As accommodation bookings take a hit due to the COVID-19 outbreak, many providers in the short-term rental industry are pivoting their models to focus on longer-term stays.
Airbnb promoted its shift to extended stays earlier this month and last week announced that it will have more than one million listings that offer monthly stays.
The home-share giant says it has seen an uptick in long-term stays since 2019 - when one in every seven nights booked was for a longer-term stay and the number of available long-tern stay listings grew 30% - but the COVID-19 crisis is contributing to the current surge.
Travelers are searching for and booking stays for longer durations of time, typically within their own communities, as they seek safety or peace of mind.
Property owners and managers also need to fill inventory, and some have moved faster than others to capitalize on what travelers want now compared to planning for peak rental season.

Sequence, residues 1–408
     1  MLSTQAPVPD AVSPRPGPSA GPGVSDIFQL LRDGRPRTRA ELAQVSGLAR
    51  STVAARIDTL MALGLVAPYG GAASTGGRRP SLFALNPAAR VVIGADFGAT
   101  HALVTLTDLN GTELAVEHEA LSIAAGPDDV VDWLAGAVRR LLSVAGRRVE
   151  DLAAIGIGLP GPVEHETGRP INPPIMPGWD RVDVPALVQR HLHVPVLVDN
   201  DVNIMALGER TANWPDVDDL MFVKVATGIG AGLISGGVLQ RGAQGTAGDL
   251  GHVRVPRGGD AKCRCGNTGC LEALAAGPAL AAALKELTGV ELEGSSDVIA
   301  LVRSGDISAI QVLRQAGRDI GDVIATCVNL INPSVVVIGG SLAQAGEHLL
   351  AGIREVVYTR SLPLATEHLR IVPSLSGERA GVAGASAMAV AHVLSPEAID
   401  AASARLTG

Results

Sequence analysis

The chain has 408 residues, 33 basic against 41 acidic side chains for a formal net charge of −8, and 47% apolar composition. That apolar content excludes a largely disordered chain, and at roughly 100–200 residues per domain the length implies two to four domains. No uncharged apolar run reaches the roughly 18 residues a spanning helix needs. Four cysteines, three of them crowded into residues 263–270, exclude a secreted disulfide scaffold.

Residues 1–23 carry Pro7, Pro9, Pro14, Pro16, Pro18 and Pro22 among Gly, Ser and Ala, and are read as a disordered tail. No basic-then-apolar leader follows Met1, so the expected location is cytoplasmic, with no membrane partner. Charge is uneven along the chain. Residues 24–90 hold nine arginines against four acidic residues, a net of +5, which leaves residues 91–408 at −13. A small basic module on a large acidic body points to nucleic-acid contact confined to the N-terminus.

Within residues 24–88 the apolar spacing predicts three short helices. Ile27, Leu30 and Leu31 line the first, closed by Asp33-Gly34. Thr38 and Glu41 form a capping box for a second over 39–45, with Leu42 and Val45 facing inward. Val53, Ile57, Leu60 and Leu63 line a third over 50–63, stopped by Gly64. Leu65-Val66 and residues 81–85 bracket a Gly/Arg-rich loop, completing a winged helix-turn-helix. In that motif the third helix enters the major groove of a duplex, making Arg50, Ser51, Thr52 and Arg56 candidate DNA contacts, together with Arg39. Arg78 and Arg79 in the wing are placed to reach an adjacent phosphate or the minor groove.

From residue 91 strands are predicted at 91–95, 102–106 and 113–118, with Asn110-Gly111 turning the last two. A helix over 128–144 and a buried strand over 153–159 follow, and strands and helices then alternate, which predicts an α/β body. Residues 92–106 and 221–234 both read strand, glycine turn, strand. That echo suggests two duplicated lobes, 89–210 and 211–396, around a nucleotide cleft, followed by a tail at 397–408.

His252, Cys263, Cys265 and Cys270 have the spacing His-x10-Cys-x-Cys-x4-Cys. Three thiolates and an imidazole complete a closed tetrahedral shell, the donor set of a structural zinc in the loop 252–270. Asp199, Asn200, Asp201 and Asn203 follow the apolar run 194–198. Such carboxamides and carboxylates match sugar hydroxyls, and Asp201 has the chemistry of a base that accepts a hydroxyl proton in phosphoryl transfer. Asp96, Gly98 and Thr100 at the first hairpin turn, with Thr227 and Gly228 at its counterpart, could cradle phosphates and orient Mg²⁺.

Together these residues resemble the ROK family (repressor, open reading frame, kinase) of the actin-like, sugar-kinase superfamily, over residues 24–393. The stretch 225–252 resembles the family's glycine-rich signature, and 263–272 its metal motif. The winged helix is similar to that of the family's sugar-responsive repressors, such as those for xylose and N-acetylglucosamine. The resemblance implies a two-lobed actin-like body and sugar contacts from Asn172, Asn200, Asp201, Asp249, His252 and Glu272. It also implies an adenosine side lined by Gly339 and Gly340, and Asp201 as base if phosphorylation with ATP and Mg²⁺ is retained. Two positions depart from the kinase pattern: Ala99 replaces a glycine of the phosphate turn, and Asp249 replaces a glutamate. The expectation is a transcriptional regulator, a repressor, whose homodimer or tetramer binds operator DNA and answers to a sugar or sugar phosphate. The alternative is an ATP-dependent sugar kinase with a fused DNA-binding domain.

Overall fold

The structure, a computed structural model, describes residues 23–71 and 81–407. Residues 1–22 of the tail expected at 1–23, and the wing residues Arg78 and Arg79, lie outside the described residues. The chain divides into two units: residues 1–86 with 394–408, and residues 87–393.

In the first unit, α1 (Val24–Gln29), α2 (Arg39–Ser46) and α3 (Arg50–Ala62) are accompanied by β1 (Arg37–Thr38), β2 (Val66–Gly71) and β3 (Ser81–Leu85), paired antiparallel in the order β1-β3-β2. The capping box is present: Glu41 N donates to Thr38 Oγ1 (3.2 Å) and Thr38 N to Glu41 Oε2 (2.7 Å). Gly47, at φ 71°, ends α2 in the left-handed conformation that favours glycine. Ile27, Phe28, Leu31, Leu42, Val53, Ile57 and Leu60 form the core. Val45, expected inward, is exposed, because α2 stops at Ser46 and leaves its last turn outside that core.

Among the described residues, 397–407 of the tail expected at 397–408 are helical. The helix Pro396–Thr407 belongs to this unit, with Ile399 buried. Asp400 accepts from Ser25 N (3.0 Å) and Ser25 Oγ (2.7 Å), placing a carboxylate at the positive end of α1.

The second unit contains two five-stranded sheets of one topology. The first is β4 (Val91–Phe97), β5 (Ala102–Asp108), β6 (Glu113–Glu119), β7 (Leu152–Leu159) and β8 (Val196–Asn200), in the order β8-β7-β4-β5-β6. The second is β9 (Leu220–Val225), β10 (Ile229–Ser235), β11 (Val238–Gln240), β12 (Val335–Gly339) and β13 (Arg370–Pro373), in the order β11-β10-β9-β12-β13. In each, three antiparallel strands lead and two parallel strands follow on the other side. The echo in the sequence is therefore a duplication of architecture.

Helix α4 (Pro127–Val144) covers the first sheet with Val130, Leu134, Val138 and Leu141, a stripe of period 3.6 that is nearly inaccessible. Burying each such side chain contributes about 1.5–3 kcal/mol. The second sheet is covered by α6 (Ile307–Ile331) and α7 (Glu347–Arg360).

According to Alex Allison, founder and CEO of short-term rental brand D.Alexander, he started hearing from its community in early March about the need for homes to live and work in safely to ride out the current crisis.
“They were seeking guidance and certainty in uncertain times,” Allison says, noting that it received an influx in inquiries after a major travel website it advertises on issued a new cancellation policy, “sending travelers into panic.”
In response, Allison says the team has been “iterating and innovating ever since,” and on April 10 it launched a new model that eliminates short-term stays and focuses exclusively on mid- to long-term stays.
“We made radical changes to overcome uncertainty, the need for flexibility, optionality and a clean, comfortable home to work and live in for long durations of time.”
Allison says prior to COVID-19, D.Alexander, which owns and operates destination homes in Florida, Tennessee and Arizona, would be entering peak rental season at more than 90% occupancy.
We want to make the process of isolating as simple and easy as possible.
Alex Allison - D.Alexander
By mid-March, it was seeing an average of 27% extended stays, “which is high for industry standards,” and an increase in last-minute booking requests, which usually average around 115 days booking lead time.